The Eagle Otome  collided with a barge in Port Arthur, Texas. Handout photograph taken and released on January 23, 2010. The Coast Guard initial estimate of the spilled oil is about 450,000 gallons. Credit: U.S. Coast Guard/Handout via Reuters.

“The tanker was carrying crude oil to Exxon Mobil Corp’s refinery in Beaumont, Texas, located north of Port Arthur. The waterway, through which tankers carry oil to four refineries in Port Arthur and Beaumont, Texas, remained shut on Saturday night.” Reuters reported.

The collision tore a large hole measuring about 4.5 meter-by-2.5-meter (15 by 8 ft) in the side of the 250-meter (810-foot) tanker Eagle Otome, the Coast Guard said. No injuries were reported as a result of the crash, Reuters reported .

About half a million gallons of spilled crude oil released hydrogen sulfide into the air prompting port authorities to issue warnings recommending nearby residents to stay indoors.

A dozen or so people reportedly scurried to a shelter; however, the vapors quickly dissipated, according to the police chief, the report said.


The Eagle Otome  collided with a barge in Port Arthur, Texas. Handout photograph taken and released on January 23, 2010.  Credit: U.S. Coast Guard/Handout via Reuters. Click image to enlarge.


Port Arther sustained severe damage after hurricane Rita made landfall as a Category 3 hurricane on September 23 between Sabine Pass, Texas, and Johnsons Bayou, Louisiana.Credit: Bob McMillan/ FEMA Photo (Date: September 28, 2005)

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Posted in hydrogen sulfide hazard, Jefferson County, oil disaster, oil spill, Texas oil spill | Tagged: , , , , , , | 4 Comments »

Yellow River Contaminated by Diesel Leak

Posted by feww on January 4, 2010

Despite frantic efforts by 700 emergency workers to contain the spill, diesel leak contaminated the Yellow River

The Yellow River, the water source for millions of people, was contaminated by a diesel fuel leak from a broken oil pipeline in northern China, despite efforts by more than 700 emergency workers to contain the spill, China’s official news agency Xinhua reported.


Emergency workers repair the leakage on a diesel pipeline in Huaxian county in northwest China’s Shaanxi province, Jan. 3, 2010. The Yellow River, the water source for millions, has been contaminated by a diesel fuel leak despite efforts to contain the spill in a tributary, forcing authorities along the river to suspend water supplies. (Xinhua/Yuan Jingzhi). Image may be subject to copyright.

Some 150,000 litres of diesel had spilled into the Wei river in Shaanxi province following a construction, Xinhua had reported earlier.

The diesel spill had first entered the Chishui river, a tributary of the Wei. The Wei is a major tributary of the Yellow River, China’s second-longest, and the water source for millions of people.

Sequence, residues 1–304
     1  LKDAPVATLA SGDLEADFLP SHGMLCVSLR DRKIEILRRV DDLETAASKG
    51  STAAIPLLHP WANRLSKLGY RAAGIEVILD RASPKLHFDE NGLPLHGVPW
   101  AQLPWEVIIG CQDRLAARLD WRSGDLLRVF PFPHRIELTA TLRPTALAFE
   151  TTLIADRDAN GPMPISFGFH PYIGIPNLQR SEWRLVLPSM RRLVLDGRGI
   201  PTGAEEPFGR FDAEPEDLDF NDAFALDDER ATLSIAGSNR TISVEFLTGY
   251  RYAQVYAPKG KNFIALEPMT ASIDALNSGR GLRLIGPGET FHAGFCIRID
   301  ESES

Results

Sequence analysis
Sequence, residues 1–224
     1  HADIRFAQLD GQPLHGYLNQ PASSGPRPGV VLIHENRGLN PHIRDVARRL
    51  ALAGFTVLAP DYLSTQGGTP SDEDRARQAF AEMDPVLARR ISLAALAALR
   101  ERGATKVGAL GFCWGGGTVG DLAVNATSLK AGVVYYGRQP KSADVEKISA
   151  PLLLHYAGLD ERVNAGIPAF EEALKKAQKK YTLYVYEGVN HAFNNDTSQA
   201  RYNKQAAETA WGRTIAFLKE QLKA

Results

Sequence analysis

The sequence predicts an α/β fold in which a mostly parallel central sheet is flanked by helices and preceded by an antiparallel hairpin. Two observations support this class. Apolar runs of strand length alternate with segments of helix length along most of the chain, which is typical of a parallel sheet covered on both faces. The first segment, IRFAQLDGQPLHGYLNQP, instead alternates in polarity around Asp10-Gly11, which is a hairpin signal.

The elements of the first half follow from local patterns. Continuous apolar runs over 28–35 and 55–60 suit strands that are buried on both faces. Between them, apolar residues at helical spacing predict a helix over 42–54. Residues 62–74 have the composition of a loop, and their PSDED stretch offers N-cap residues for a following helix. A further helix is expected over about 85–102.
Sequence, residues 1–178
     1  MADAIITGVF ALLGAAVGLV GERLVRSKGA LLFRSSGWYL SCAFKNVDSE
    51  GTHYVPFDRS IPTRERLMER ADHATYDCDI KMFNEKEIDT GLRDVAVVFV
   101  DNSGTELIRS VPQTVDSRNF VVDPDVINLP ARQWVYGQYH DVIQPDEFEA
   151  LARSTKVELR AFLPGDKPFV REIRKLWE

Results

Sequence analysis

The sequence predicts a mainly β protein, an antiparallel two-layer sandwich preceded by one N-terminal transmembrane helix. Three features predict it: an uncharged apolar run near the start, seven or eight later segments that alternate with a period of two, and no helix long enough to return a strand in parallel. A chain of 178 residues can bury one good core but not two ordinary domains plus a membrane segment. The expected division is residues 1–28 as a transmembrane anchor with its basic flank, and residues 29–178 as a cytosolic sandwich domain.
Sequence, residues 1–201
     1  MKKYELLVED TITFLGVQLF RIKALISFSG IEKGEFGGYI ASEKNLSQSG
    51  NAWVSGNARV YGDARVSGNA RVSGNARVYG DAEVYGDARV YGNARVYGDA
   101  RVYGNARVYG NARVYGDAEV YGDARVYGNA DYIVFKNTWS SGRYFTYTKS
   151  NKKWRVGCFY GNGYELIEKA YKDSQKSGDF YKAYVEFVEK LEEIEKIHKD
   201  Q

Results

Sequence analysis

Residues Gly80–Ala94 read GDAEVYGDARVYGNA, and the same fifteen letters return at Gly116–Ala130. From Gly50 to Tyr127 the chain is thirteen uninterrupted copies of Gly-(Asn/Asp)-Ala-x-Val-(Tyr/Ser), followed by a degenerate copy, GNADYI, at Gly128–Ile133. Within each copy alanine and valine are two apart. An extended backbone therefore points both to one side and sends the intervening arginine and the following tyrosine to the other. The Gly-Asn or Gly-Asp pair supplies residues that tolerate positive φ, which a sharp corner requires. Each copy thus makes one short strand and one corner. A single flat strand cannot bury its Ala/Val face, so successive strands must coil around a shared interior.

The leak which occurred in a pipeline owned by China National Petroleum Corp., the country’s largest producer of oil and gas, has now contaminated the Yellow River.

“Running through eight cities in Henan Province, the Yellow River provides the source of drinking water for Zhengzhou and Kaifeng, two of the province’s largest cities [combined population of about 10 million.]” Xinhua reported.

“One third of the Yellow River is heavily polluted by industrial waste and unsafe for any use, according to criteria used by the U.N. Environmental Program.” Washington Post reported.

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Posted in Chishui river, drinking water, oil spill, Wei river, Yellow river | Tagged: , , , , | 1 Comment »

Oil Spills, Earthquakes and Faults

Posted by feww on October 31, 2009

Oil Spills NO Different to Earthquakes

They Both Spell Disaster, Occur Because of Faults and Happen Regularly in San Francisco Bay

Earthquakes occur in SFB because of geological faults: San Gregorio fault, San Andreas fault, Mt Diablo fault… and Hayward fault. Oil spills occur there as a result of oil companies faults: Arco’s fault, BP’s fault, Chevron’s fault, ConocoPhillips’s fault, Exxon’s fault… and Shell’s fault!

You’d forgiven for thinking there must be an oil spill and an earthquake in the SFBA each day! Because you’d almost be right.

dubai star
The oil slick from the Dubai Star, an oil tanker  located at Anchorage 9 south of the San Francisco-Oakland Bay Bridge. Photo: KGO-TV/ABC7 via Mercury News. Image may be subject to copyright.

The latest spill, a blackish filthy brown slick of bunker fuel, covered a 250-meter by  4-km stretch of San Francisco Bay on Friday, caused by a “refueling mishap” between an oil tanker, Dubai Star, and a service barge alongside, the U.S. Coast Guard reported.

The slick has not reached land and is in a narrow band because there is little wind and much of it may burn off amid warm weather, giving clean-up crews the upper hand in containing it, Coast Guard Captain Paul Gugg told reporters at a press conference.

“The weather is very cooperative. We’re all over it.” Gugg said.

Gugg said the scope of the contamination does not compare to the massive spill in 2007 of fuel oil from another tanker in the San Francisco Bay that spread across its shores and killed thousand of birds.

However,  Gugg didn’t say how much bunker fuel had spilled into the bay.

The spill comes eight days before the two-year anniversary of the vessel Cosco Busan striking the Bay Bridge in dense fog, ripping open its hull and spilling more than 53,000 gallons of fuel oil that fouled much of the shoreline along the well-known California waterway.